November 25, 2013

Corn Exports Critical to Nebraska

In the not-so-distant past, the prospects for Nebraska’s corn farmers hung on the political whims of nations using trade as a power play. A grain embargo implemented by Russia, for example, could throw grain markets into a tailspin. While trade is still used as a bargaining chip among nations, its impact on grain
markets has been lessened somewhat through U.S. corn farmers’ focus on adding value domestically through livestock production, biofuels and industrial uses for corn—creating greater demand across a variety of sectors. Still, exports remain an important component of the U.S. corn market portfolio. “The equivalent of one in six rows of corn in Nebraska is exported,” said Alan Tiemann of Seward, a member of the Nebraska Corn Board and secretary-treasurer of the U.S. Grains Council (USGC). “There is no question that corn prices are enhanced by the demand in the international marketplace.”

Through their checkoff, Nebraska corn farmers support the efforts of the U.S. Grains Council in building demand for corn around the world.

Global competition in corn exports has grown significantly over the past four years, driving the U.S. share of the market down to about 50 percent. Since 1990, the amount of corn grown outside the U.S. has increased from 11 billion bushels to nearly 22 billion bushels in 2012.

“Brazil and Argentina are formidable competitors, but other areas such as the Black Sea region, Paraguay, South Africa, Thailand and China are emerging as well,” Tiemann added. “We’re using more and more corn domestically, which is creating opportunity for other nations to fill the void. That’s why it’s even more important that we redouble our efforts to maintain and build international markets for our product.”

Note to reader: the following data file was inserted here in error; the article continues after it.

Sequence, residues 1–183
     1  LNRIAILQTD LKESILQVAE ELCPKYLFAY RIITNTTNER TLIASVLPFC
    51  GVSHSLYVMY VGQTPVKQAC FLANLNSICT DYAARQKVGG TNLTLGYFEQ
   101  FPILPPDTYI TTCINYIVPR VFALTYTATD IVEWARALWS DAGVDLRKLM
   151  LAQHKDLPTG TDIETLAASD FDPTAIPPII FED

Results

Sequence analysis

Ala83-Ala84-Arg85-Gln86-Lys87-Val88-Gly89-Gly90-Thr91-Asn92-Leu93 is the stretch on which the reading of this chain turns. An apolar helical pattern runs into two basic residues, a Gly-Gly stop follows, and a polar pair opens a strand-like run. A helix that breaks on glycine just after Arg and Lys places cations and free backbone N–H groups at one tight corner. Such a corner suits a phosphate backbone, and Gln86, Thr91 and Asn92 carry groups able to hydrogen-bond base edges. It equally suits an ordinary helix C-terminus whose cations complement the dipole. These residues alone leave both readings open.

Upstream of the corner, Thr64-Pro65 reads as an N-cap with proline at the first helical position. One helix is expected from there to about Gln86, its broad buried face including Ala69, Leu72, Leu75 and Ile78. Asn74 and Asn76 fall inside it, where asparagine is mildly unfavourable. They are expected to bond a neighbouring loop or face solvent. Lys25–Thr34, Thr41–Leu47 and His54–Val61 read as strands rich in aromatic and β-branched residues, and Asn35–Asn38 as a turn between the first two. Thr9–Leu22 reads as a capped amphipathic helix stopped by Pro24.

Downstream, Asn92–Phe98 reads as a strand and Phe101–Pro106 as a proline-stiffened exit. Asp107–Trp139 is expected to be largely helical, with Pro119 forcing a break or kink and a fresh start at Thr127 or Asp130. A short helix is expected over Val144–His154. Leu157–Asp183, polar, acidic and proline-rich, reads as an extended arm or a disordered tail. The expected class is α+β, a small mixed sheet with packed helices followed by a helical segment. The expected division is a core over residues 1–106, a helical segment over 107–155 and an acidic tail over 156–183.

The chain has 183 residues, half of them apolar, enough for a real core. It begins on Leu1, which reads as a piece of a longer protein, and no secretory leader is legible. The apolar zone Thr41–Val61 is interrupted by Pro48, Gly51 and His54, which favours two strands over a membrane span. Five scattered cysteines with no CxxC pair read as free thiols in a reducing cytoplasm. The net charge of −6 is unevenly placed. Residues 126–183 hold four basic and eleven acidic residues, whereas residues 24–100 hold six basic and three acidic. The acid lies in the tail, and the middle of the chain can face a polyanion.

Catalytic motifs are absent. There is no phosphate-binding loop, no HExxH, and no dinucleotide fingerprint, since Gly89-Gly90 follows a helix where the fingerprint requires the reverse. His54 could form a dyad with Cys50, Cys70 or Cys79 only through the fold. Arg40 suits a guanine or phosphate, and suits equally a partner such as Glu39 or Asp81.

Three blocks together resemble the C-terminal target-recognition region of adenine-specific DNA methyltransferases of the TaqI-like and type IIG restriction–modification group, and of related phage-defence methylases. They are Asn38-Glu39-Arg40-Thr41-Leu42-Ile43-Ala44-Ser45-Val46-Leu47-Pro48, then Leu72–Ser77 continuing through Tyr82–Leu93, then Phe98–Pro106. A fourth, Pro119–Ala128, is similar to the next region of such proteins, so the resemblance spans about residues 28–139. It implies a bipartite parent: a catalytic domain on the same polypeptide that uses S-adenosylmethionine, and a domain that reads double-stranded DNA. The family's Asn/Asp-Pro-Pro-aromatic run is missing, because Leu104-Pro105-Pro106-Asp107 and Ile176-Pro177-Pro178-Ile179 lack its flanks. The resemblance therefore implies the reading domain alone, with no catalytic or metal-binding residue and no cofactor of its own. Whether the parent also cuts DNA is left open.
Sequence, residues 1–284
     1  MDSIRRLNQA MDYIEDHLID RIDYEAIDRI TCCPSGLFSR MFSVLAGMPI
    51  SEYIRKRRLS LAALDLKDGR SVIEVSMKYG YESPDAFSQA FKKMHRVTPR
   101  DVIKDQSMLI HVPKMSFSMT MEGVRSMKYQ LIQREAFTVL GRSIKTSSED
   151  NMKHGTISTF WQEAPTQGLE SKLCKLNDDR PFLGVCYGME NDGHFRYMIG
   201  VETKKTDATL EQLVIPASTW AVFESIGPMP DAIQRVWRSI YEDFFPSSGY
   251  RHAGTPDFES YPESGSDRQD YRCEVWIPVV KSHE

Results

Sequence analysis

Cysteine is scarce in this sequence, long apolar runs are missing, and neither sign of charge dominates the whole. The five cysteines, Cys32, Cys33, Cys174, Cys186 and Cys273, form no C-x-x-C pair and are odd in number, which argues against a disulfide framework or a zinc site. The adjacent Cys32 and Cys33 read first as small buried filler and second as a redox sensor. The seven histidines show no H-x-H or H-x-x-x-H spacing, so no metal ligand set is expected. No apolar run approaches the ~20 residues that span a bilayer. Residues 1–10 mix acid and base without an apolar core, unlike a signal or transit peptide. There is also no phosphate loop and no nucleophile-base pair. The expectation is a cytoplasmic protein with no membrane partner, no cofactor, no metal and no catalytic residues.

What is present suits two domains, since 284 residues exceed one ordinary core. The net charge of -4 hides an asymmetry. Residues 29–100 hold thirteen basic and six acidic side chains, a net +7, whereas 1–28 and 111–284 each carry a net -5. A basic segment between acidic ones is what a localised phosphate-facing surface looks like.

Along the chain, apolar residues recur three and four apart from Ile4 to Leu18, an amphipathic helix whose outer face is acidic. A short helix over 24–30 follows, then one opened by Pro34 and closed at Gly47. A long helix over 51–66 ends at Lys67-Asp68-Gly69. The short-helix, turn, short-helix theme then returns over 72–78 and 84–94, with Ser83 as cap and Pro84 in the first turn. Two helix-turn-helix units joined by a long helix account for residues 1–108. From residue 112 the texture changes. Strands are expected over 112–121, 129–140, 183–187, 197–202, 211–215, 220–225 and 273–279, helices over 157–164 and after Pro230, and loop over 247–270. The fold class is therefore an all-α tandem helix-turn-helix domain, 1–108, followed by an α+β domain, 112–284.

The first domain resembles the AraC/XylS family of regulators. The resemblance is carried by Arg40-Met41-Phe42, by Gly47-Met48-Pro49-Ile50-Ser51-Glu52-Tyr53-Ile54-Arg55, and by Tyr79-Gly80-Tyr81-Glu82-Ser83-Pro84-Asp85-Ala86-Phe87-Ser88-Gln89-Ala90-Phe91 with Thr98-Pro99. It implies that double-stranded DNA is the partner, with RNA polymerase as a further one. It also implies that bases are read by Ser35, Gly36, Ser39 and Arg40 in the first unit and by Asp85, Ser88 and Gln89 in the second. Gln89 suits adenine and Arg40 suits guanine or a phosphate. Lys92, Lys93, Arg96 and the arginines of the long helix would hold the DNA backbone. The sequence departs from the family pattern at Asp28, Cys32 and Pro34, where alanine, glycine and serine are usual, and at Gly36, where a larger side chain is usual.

As emerging nations become more prosperous, their appetite for protein—poultry, pork and beef—grows as well. USGC is working around the world to help farmers grow their flocks and herds, which in turn increases demand for feed grains such as corn. From water buffalo in Morocco to turkeys in Canada to pigs in South Korea, USGC has been extremely successful in demonstrating the outstanding feed value of American feedgrains.

As the ethanol industry has grown in Nebraska and the U.S., so has the supply of distillers grains, a high protein value animal feed that is a co-product of ethanol production. As a result, USGC has also begun building international markets for dried distillers grains (DDG). A shining example is China, which four years ago imported no DDG—and today is the number one customer in the world for DDG from the U.S. Mexico ranks second.

“Instead of simply shipping raw corn overseas, DDG is a product that adds value here at home,” Tiemann said. “DDG exports help build markets for Nebraska ethanol producers as well, and that helps create profit opportunities to keep these plants running and energizing our rural economy.”

Tiemann said it’s critical that Nebraska corn farmers continue to invest in international market development. “We’re going to have more than nine billion people to feed by 2050, and Nebraska can and should play a big part in meeting that demand,” he said. “By encouraging fair trade and staying in front of international customers, we can make sure we feed the world—and create economic vitality right here in Nebraska.”

Country           Metric Tons      % of U.S. Exports
Japan                11,748.6                31.0% 
Mexico                9,537.5                25.2%
China                  5,174.1                13.6%
Korea                  3,635.3                  9.6%
Venezuela            1,280.1                 3.4%
Taiwan                 1,265.4                 3.3%
Costa Rica             575.7                  1.5%
Guatemala             549.1                  1.4%
Egypt                     544.9                  1.4%
Canada                  487.2                  1.3%
Others                 3,117.1                  8.2%
TOTAL               37,915.0
2011/12 Marketing Year Ending August 31, 2012

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